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Lecture 4 Quantum Phase Transitions and the microscopic drivers of structural evolution. Quantum phase transitions and structural evolution in nuclei. Increasing valence nucleon number. E. 1. 2. 3. 4. β. Quantum phase transitions in equilibrium shapes of nuclei with N , Z.

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Presentation Transcript
slide4

Increasing valence nucleon number

E

1

2

3

4

β

Quantum phase transitions in equilibrium shapes of nuclei with N, Z

Potential as function of the ellipsoidal deformation of the nucleus

Transitional

Rotor

Vibrator

For nuclear shape phase transitions the control parameter is nucleon number

nuclear shape evolution b nuclear ellipsoidal deformation b 0 is spherical
Nuclear Shape Evolutionb - nuclear ellipsoidal deformation (b=0 is spherical)

Vibrational RegionTransitional RegionRotational Region

Critical Point

New analytical solutions, E(5) and X(5)

R4/2= ~2.0

R4/2= 3.33

Few valence nucleonsMany valence Nucleons

slide7

X(5)

E

E

1

2

3

4

β

Critical Point Symmetries

First Order Phase Transition – Phase Coexistence

Energy surface changes with valence nucleon number

Bessel equation

Iachello

potential energy surfaces of 136 134 132 ba

Shimizu et al

More neutron holes

Potential energy surfaces of 136,134,132Ba

100keV

134Ba

132Ba

136Ba

<H>

×

×

×

minimum

<HPJ=0>

×

×

×

(Nn,Np)= (-2,6) (-4,6) (-6,6)

slide15

Isotope shifts

Charlwood et al, 2009

Li et al, 2009

where else

Where else?

In a few minutes I will show some slides that will allow you to estimate the structure of any nucleus by multiplying and dividing two numbers each less than 30

(or, if you prefer, you can get the same result from 10 hours of supercomputer time)

where we stand on qpts
Where we stand on QPTs
  • Muted phase transitional behavior seems established from a number of observables.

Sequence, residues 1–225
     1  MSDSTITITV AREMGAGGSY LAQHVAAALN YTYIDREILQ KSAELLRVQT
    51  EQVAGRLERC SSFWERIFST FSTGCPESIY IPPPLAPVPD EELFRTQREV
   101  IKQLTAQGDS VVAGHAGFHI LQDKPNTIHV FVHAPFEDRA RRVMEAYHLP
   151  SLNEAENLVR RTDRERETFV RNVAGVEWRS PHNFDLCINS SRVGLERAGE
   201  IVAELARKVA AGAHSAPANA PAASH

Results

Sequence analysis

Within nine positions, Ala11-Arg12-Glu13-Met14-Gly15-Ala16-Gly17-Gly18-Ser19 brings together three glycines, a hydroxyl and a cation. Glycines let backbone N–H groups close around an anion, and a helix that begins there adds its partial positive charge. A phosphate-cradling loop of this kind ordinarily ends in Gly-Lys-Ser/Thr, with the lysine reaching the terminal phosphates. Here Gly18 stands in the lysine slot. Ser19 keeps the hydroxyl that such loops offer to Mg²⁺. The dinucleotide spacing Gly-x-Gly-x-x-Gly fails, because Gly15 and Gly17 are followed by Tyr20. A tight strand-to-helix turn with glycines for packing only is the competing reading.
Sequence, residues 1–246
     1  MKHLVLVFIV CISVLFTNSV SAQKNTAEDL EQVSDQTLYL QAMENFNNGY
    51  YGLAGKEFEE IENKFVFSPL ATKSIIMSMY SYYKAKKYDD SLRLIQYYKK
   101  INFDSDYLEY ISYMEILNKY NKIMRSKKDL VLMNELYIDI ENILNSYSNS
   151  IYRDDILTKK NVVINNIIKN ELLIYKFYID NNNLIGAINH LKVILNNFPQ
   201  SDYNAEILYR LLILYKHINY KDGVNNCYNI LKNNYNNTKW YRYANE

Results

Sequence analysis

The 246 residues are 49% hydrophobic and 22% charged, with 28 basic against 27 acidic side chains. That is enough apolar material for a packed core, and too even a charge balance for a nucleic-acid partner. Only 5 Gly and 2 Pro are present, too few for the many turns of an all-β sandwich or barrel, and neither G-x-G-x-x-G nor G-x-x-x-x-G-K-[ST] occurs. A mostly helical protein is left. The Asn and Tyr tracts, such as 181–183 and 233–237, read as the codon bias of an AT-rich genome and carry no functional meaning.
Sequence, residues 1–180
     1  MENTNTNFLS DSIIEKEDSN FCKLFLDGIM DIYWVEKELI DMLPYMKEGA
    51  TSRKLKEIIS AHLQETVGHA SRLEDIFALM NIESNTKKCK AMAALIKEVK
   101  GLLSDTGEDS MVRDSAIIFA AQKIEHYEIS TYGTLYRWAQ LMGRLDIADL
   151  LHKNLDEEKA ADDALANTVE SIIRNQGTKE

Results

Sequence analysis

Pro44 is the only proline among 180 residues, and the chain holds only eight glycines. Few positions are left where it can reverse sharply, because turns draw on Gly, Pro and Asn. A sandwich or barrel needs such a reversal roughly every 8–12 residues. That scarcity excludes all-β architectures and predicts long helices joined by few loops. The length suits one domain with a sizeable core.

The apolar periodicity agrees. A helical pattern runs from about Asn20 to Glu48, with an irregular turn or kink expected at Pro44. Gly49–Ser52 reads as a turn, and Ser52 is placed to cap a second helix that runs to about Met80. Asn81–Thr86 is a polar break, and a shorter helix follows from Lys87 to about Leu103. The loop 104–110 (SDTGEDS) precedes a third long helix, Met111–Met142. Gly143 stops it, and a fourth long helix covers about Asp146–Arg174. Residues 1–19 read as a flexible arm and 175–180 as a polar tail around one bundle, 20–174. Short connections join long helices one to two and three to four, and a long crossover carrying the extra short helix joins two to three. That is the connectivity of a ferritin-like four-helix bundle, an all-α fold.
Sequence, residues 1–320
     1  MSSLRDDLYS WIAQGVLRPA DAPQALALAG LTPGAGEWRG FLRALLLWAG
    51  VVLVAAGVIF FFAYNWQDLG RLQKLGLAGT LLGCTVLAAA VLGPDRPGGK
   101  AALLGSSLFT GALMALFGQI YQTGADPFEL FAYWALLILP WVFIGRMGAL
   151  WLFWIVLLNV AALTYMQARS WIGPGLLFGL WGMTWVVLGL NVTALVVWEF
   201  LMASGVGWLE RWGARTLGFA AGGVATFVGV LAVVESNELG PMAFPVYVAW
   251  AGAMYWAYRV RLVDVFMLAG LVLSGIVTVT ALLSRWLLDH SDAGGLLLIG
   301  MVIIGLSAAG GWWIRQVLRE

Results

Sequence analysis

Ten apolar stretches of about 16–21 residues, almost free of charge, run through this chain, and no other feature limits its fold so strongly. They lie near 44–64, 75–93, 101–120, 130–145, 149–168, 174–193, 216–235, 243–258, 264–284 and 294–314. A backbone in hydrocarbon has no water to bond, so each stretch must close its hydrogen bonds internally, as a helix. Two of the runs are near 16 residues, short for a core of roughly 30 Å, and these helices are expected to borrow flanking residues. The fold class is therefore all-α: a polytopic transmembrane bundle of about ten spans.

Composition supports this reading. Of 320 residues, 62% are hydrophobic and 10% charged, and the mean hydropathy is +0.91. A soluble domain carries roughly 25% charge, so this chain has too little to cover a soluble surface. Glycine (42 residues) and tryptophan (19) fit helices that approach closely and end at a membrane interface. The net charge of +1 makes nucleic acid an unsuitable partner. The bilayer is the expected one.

• Critical point solutions (CPSs) provide extremely simple, parameter-free (except for scales) descriptions that are surprisingly good given their simplicity.
  • Extensive work exists on refinements to these CPSs.
  • Microscopic theories have made great strides, and validate the basic idea of flat potentials in b at the critical point. They can also now provide specific predictions for key observables.
proton neutron interactions

Proton-neutron interactions

A crucial key to structural evolution

valence proton neutron interaction

Microscopic perspective

Valence Proton-Neutron Interaction

Development of configuration mixing, collectivity and deformation – competition with pairing

Changes in single particle energies and magic numbers

Partial history: Goldhaber and de Shalit (1953); Talmi (1962); Federman and Pittel ( late 1970’s); Casten et al (1981); Heyde et al (1980’s); Nazarewicz, Dobacewski et al (1980’s); Otsuka et al( 2000’s) and many others.

slide21

Sn – Magic: no valence p-n interactions

Both valence protons and neutrons

Two effects

Configuration mixing, collectivity

Changes in single particle energies and shell structure

slide24

Seeing structural evolution

Different perspectives can yield different insights

Mid-sh.

magic

Onset of deformation

as a phase transition

mediated by a change in shell structure

Onset of deformation

“Crossing” and “Bubble” plots as indicators of phase transitional regions mediated by sub-shell changes

slide25

Often, esp. in exotic nuclei, R4/2 is not available. A easier-to-obtain observable, E(21+), in the form of 1/ E(21+), can substitute equally well

masses and nucleonic interactions
Masses and Nucleonic Interactions

Masses:

  • Shell structure: ~ 1 MeV
  • Quantum phase transitions: ~ 100s keV
  • Collective effects ~ 100 keV
  • Interaction filters ~ 10-15 keV

Total mass/binding energy:Sum of all interactions

Mass differences:Separation energies

shell structure, phase transitions

Double differences of masses:Interaction filters

Macro

Micro

measurements of p n interaction strengths
Measurements of p-n Interaction Strengths

dVpn

Average p-n interaction between

last protons and last neutrons

Double Difference of Binding Energies

Vpn (Z,N)  =  ¼ [ {B(Z,N) - B(Z, N-2)}  -  {B(Z-2, N) - B(Z-2, N-2)} ]

Ref: J.-y. Zhang and J. D. Garrett

slide29

Valence p-n interaction: Can we measure it?

Vpn (Z,N)  = 

¼[ {B(Z,N) - B(Z, N-2)} -  {B(Z-2, N) - B(Z-2, N-2)} ]

-

-

-

p n p n p n p n

-

Int. of last two n with Z protons,